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Steve Reich, 'Runner'

If you've ever been hesitant to dip your toe into the pulsating music of Steve Reich, now is the time to take a full plunge. The 86-year-old composer has just released his 26th album on Nonesuch and it features Runner, an ebullient piece in five connected movements that might just be Reich's most accessible work since Music for 18 Musicians in the mid-'70s.

Runner teems with all that is vibrant and mesmerizing in Reich's music. It opens with the piano setting a pulse of toggling 16th notes, while strings, winds and percussion file in separately to create an enchanting whirligig of interlocking layers. The music buzzes in weightlessness. Keep an ear out for the passage, beginning at 1:28, where two chirping oboes chase each other as vibraphones chime like clocks. It is among the sunniest, most joyous stretches in Reich's catalog. Hats off to conductor Susanna Mälkki, who leads the Los Angeles Philharmonic in a vigorous, transparent performance.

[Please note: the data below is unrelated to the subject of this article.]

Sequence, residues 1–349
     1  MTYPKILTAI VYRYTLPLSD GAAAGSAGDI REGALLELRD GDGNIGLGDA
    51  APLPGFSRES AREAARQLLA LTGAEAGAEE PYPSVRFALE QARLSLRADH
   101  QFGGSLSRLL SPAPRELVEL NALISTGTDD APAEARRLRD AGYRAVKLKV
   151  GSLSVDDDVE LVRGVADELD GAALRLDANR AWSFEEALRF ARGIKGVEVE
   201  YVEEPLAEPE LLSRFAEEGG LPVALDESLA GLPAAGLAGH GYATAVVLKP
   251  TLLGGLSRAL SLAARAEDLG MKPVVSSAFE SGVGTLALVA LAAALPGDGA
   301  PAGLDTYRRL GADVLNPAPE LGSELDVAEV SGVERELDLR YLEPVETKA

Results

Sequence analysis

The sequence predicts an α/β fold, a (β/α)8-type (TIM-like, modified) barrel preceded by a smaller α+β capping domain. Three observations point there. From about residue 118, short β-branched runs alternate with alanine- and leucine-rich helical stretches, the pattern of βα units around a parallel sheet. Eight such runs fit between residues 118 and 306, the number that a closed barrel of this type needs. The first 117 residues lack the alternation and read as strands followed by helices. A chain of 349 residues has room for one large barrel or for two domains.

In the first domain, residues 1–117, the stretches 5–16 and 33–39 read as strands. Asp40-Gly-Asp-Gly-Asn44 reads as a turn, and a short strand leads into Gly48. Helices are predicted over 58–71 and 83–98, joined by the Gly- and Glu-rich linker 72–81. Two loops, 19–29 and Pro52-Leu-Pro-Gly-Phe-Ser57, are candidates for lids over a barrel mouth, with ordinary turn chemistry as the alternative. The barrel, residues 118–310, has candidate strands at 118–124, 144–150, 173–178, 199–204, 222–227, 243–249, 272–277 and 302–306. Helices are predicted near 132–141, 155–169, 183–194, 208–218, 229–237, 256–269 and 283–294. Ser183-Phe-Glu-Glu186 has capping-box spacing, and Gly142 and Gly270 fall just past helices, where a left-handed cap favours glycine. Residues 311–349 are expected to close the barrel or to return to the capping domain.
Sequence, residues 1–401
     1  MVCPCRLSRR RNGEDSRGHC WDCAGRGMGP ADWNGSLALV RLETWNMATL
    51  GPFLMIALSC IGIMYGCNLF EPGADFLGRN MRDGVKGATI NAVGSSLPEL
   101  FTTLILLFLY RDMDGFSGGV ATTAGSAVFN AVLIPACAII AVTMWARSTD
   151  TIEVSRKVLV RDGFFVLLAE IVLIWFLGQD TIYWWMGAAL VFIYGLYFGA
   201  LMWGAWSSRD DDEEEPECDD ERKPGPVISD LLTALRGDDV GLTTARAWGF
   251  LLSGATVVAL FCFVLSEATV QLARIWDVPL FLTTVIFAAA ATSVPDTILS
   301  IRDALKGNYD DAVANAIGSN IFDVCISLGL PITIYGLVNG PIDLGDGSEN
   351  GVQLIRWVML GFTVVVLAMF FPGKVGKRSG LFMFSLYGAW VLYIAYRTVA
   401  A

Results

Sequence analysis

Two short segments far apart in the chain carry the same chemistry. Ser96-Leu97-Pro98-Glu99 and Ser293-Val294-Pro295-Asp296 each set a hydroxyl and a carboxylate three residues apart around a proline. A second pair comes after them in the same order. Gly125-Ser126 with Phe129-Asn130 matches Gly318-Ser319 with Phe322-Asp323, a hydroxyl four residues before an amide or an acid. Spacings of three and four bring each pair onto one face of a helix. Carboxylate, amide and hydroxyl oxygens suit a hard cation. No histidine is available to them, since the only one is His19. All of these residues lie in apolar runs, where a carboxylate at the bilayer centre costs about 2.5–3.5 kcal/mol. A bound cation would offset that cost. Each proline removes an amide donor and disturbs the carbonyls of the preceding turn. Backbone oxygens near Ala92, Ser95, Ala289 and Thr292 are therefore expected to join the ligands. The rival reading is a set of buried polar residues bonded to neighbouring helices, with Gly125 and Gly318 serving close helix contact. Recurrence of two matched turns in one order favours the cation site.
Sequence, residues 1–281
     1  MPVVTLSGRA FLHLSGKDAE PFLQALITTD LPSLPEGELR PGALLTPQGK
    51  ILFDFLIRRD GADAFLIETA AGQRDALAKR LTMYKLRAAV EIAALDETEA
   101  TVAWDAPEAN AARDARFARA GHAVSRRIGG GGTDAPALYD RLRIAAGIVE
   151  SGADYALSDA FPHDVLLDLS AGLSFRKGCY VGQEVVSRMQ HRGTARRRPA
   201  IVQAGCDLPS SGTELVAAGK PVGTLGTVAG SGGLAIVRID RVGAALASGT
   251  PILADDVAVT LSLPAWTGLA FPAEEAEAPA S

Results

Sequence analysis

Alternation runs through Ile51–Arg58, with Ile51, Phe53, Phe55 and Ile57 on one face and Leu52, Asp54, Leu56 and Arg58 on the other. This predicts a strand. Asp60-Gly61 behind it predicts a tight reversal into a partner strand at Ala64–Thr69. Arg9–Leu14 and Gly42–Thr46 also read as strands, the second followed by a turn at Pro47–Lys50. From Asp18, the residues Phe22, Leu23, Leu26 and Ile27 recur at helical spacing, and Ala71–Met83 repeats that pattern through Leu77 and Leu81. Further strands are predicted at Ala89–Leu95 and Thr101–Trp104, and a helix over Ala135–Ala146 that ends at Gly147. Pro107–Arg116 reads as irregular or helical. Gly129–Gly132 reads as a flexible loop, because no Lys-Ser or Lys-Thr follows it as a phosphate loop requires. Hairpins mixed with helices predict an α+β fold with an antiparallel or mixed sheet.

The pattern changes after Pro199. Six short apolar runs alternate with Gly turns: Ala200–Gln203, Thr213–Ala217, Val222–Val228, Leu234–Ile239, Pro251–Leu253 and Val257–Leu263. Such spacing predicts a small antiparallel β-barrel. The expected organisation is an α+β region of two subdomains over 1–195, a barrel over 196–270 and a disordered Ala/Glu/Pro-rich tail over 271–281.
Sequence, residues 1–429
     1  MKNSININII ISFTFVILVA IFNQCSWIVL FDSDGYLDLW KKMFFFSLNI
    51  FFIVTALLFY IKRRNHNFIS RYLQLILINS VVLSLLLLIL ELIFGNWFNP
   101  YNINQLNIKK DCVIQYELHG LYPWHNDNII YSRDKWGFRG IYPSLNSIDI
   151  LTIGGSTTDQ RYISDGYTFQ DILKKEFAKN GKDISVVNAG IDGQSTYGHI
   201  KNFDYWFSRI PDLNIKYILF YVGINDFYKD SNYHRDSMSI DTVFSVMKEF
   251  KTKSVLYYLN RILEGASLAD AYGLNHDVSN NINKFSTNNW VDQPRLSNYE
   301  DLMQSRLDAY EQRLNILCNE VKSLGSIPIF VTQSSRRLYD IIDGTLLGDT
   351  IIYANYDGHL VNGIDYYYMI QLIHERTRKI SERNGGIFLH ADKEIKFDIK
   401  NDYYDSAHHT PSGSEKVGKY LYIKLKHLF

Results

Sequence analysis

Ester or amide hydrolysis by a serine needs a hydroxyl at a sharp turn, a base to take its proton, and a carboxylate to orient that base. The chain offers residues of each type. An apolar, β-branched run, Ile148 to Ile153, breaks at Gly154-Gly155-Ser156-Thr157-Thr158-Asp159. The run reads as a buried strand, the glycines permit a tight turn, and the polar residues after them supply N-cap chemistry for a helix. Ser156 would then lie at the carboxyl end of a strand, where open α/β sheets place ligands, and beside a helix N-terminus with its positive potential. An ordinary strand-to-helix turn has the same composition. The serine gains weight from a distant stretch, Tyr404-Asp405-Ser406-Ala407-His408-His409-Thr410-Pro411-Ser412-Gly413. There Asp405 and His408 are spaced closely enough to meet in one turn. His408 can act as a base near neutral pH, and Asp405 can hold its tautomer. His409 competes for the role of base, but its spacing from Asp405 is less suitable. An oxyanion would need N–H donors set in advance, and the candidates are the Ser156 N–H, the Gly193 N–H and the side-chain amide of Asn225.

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Tom Huizenga is a producer for NPR Music. He contributes a wide range of stories about classical music to NPR's news programs and is the classical music reviewer for All Things Considered. He appears regularly on NPR Music podcasts and founded NPR's classical music blog Deceptive Cadence in 2010.
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